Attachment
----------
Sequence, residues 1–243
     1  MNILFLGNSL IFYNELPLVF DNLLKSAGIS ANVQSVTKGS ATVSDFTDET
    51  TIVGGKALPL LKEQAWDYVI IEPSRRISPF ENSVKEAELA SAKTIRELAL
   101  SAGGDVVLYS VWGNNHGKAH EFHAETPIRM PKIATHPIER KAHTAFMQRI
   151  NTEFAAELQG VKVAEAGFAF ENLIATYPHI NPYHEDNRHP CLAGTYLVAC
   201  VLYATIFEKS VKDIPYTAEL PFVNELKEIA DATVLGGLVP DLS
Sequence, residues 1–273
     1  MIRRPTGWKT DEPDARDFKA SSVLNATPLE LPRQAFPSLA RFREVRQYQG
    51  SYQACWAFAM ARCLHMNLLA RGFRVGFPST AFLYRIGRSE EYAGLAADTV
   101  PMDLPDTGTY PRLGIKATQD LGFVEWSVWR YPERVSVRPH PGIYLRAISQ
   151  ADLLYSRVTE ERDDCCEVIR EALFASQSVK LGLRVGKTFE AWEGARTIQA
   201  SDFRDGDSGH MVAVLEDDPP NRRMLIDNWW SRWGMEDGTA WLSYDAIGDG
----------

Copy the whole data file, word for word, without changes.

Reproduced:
Sequence, residues 1–243
     1  MNILFLGNSL IFYNELPLVF DNLLKSAGIS ANVQSVTKGS ATVSDFTDET
    51  TIVGGKALPL LKEQAWDYVI IEPSRRISPF ENSVKEAELA SAKTIRELAL
   101  SAGGDVVLYS VWGNNHGKAH EFHAETPIRM PKIATHPIER KAHTAFMQRI
   151  NTEFAAELQG VKVAEAGFAF ENLIATYPHI NPYHEDNRHP CLAGTYLVAC
   201  VLYATIFEKS VKDIPYTAEL PFVNELKEIA DATVLGGLVP DLS
Sequence, residues 1–273
     1  MIRRPTGWKT DEPDARDFKA SSVLNATPLE LPRQAFPSLA RFREVRQYQG
    51  SYQACWAFAM ARCLHMNLLA RGFRVGFPST AFLYRIGRSE EYAGLAADTV
   101  PMDLPDTGTY PRLGIKATQD LGFVEWSVWR YPERVSVRPH PGIYLRAISQ
   151  ADLLYSRVTE ERDDCCEVIR EALFASQSVK LGLRVGKTFE AWEGARTIQA
   201  SDFRDGDSGH MVAVLEDDPP NRRMLIDNWW SRWGMEDGTA WLSYDAIGDG